Richard Fleischer (A.B. 1939) – director, (1954), 20,000 Leagues Under the Sea (1952), The Narrow Margin (1966), Fantastic Voyage (1970), Tora! Tora! Tora! (1968), The Boston Strangler (1967), Doctor Dolittle (1975), Mandingo (1973); Soylent Green Academy Award winning documentary producer, (1947) Design for Death
Josh Friedman – screenwriter, , War of the Worlds ; executive producer, The Black Dahlia Terminator: The Sarah Connor Chronicles
Liz Garbus (A.B. 1992) – Academy Award nominated documentary filmmaker, (1998) The Farm: Angola, USA
Davis Guggenheim (1986) – Academy Award winning documentary film director, (2006), An Inconvenient Truth (2009), and It Might Get Loud (2010); film director for Waiting for "Superman" (2007), Gracie (2000) & episodes of Gossip , 24 , Alias , The Shield , ER NYPD Blue
John Hamburg (A.B.) – director, (2009), I Love You, Man (2004); Along Came Polly screenwriter, (2001), Zoolander (2000), Meet the Parents (2004) Meet the Fockers
Hill Harper (A.B. 1988) – actor, (2005), Constellation (2005), Lackawanna Blues (2004) CSI: NY
Todd Haynes (A.B. 1985) – Academy Award nominated writer/director, (2011), Mildred Pierce (2007), I'm Not There (2002), Far from Heaven (1998), Velvet Goldmine (1995) & Safe (1991) Poison
Mark Heyman – screenwriter, Black Swan
Sean Hood – screenwriter, , Halloween: Resurrection , Cursed Cube 2: Hypercube
Ruth Hussey (A.B. 1933) – Academy Award nominated actress, (1940) The Philadelphia Story
Oren Jacoby – Academy Award nominated documentarian, (2008) Constantine's Sword
Rory Kennedy (A.B. 1991) – independent filmmaker, Moxie Firecracker Films, Inc. Ghosts of Abu Ghraib (2007)
Simon Kinberg – screenwriter, , Sherlock Holmes , Jumper , X-Men: The Last Stand Mr. & Mrs. Smith
John Krasinski (A.B. 2001) – playwright – actor, " The Office", " License to Wed", " Leatherheads"
Ellen Kuras – cinematographer, , Eternal Sunshine of the Spotless Mind , Blow , He Got Game , Summer of Sam Be Kind Rewind
Jonathan Levine (A.B. 2000) – writer/director, (2013), Warm Bodies (2011), 50/50 (2008), The Wackness (2006) All The Boys Love Mandy Lane
Doug Liman (A.B. 1988) – director and producer, " ", The O.C. (2010), Fair Game (2008), Jumper (2005), Mr. & Mrs. Smith (2002), The Bourne Identity (2004), The Bourne Supremacy (1999), Go (1996) Swingers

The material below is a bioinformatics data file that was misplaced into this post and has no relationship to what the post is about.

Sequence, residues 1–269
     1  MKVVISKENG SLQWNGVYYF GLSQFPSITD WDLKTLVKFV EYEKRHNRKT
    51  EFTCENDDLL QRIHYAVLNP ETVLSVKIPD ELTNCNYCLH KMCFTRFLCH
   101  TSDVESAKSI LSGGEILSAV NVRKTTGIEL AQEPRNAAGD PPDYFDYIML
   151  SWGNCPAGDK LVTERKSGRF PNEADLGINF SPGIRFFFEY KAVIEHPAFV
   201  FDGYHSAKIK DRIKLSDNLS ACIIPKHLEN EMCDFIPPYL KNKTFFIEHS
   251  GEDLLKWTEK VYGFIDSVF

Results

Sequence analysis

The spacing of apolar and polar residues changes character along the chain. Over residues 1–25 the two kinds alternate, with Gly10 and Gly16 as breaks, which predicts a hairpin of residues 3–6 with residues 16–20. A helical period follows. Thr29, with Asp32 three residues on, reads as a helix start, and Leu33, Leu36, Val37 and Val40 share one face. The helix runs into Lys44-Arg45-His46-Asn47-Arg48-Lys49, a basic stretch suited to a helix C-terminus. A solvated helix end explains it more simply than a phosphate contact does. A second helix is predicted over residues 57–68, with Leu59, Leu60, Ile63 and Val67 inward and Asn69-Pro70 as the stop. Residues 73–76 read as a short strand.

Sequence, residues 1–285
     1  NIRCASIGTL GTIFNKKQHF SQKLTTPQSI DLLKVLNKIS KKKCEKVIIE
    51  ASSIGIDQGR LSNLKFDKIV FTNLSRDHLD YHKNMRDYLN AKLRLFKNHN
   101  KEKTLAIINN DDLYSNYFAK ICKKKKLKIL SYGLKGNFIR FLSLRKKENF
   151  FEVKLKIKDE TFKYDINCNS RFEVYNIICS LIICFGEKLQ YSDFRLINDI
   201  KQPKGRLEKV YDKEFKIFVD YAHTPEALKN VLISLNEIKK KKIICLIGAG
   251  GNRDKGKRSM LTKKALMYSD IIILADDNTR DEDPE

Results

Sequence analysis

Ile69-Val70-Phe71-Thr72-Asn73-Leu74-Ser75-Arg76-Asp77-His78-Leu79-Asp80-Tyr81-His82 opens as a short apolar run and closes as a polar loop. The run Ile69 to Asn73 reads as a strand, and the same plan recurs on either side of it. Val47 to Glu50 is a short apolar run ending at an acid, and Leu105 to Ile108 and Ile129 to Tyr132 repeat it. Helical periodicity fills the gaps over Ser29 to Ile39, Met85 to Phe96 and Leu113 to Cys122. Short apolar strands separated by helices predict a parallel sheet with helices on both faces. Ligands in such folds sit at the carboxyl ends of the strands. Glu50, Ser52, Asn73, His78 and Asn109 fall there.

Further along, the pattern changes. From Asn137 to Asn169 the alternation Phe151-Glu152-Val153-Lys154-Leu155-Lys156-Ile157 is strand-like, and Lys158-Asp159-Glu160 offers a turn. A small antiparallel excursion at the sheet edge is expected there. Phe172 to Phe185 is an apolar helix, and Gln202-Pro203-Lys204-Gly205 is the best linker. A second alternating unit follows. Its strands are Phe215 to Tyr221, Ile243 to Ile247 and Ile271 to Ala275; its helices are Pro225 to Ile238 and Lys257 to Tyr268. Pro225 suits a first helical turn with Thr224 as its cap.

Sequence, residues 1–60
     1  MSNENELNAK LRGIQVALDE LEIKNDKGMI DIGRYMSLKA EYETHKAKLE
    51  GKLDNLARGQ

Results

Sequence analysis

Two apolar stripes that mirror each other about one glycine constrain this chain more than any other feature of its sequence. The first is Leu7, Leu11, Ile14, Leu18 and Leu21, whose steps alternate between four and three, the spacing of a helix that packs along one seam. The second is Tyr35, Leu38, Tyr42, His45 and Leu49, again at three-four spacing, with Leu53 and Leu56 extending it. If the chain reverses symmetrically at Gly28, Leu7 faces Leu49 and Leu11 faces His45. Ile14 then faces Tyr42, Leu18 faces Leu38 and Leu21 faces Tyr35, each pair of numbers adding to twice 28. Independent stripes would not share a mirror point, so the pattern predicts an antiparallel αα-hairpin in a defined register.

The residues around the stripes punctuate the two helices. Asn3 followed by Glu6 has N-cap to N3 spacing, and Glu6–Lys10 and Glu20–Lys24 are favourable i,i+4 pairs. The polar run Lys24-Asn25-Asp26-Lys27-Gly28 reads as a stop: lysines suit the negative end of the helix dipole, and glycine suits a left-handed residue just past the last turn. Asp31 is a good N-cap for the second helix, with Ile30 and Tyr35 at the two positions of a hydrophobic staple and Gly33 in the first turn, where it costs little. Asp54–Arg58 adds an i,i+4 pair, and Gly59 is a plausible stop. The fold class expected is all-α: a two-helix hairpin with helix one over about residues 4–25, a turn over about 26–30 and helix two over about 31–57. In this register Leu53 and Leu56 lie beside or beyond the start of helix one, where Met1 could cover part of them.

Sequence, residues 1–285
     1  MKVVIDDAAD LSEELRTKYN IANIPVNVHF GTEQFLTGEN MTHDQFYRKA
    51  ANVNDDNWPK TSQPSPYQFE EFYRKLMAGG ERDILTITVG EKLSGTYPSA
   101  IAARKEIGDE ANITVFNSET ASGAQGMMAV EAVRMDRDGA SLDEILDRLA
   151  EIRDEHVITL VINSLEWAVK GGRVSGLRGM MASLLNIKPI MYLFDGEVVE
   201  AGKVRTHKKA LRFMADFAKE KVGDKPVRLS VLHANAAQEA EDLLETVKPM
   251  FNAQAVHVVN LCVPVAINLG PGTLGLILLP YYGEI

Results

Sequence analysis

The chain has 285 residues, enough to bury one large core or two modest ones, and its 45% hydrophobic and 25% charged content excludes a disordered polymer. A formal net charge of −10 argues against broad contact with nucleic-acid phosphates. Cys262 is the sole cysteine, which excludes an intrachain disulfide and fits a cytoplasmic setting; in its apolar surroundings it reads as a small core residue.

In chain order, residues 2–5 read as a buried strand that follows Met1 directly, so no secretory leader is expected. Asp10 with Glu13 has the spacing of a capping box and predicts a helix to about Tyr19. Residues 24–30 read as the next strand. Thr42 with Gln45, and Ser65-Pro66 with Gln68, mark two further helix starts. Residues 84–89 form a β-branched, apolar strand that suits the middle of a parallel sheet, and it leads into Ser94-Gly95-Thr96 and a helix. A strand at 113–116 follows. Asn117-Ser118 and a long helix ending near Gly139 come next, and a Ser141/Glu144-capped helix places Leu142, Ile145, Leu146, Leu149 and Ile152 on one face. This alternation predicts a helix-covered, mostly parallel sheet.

Laura Linney (A.B. 1986) – 3-time Academy Award and 2-time Tony Award nominated actress, , The Big C (2007), The Savages (2007), The Nanny Diaries (2005), The Squid and the Whale (2005), The Exorcism of Emily Rose (2004), Kinsey (2003), Mystic River (2003), Love Actually (2000), You Can Count on Me (1998), The Truman Show (1997), Absolute Power (1997) Primal Fear
Kurt Luedtke (A.B. 1961)- Academy Award winning screenwriter, (1985) Out of Africa
Kátia Lund (A.B. 1989) – co-director, (2002) Cidade de Deus (City of God)
George Macready (A.B., 1921) – actor of film, stage, and television, , Tora! Tora! Tora! Paths of Glory
Eli Marienthal (Class of 2008) – actor, (2004), Confessions of a Teenage Drama Queen (1999), The Iron Giant (1998) Jack Frost
Ross McElwee (A.B. 1970) – documentary filmmaker, (1986) & Sherman's March (2004) Bright Leaves
Leah Meyerhoff (A.B. 2001) – Student Academy Award nominated writer/director, (2005) Twitch
Tim Blake Nelson (A.B. 1986) – actor, (2012), Lincoln (2008), The Incredible Hulk (2005), Syriana (2002), Minority Report (2000), O Brother, Where Art Thou? (1998); director, The Thin Red Line (2009), Leaves of Grass (2001), O (2001) The Grey Zone
Lorraine Nicholson (2012) - actress, (2011) Soul Surfer
Angela Robinson (A.B. 1992) – director, (2005), Herbie: Fully Loaded , D.E.B.S. (2003 film) D.E.B.S. (2004 film)
Danny Rubin – (A.B.) – screenwriter, Groundhog Day
Michael Showalter (A.B. 1992) – actor/writer/director, (2001), Wet Hot American Summer (2005) and the series The Baxter , The State and Stella Michael & Michael Have Issues
Leelee Sobieski (attended) – actress, (1999), Eyes Wide Shut (1999), Never Been Kissed (2000), Here on Earth (2001), Joy Ride (2001), The Glass House (2006), Wicker Man (2007), 88 Minutes (2009); nominated for an Public Enemies Emmy for " " Joan of Arc
Matthew Sussman – actor, documentary filmmaker
Sara Tanaka (A.B. 2000) – actress, (1998), Rushmore (2003), Old School (2004) Imaginary Heroes
Christine Vachon (A.B. 1983), acclaimed independent film producer, (2007), I'm Not There (2006), Infamous (2005), The Notorious Bettie Page (2002), Far From Heaven (2001), Hedwig and the Angry Inch (1999); executive producer, Boys Don't Cry This American Life
Vanessa Vadim (A.B. 1990), independent documentary producer and cinematographer, Quiltmakers of Gee's Bend (2005), Fire in Our House (1995)
Andrew Wagner (A.B. 1985), writer, director, (2007), Starting Out in the Evening (2004) The Talent Given Us
Julie Warner (A.B. 1987), actress, , Doc Hollywood Tommy Boy
Emma Watson (Class of 2013) – actress, the (2001–2011), Harry Potter film series (2007), Ballet Shoes (2008), The Tale of Despereaux (2012). The Perks of Being a Wallflower
JoBeth Williams (A.B. 1970) – actress, , The Big Chill Poltergeist
Television [ edit ]
Julie Bowen Luetkemeyer (A.B. 1991) – actress, , Modern Family , Boston Legal , Ed (1996) Happy Gilmore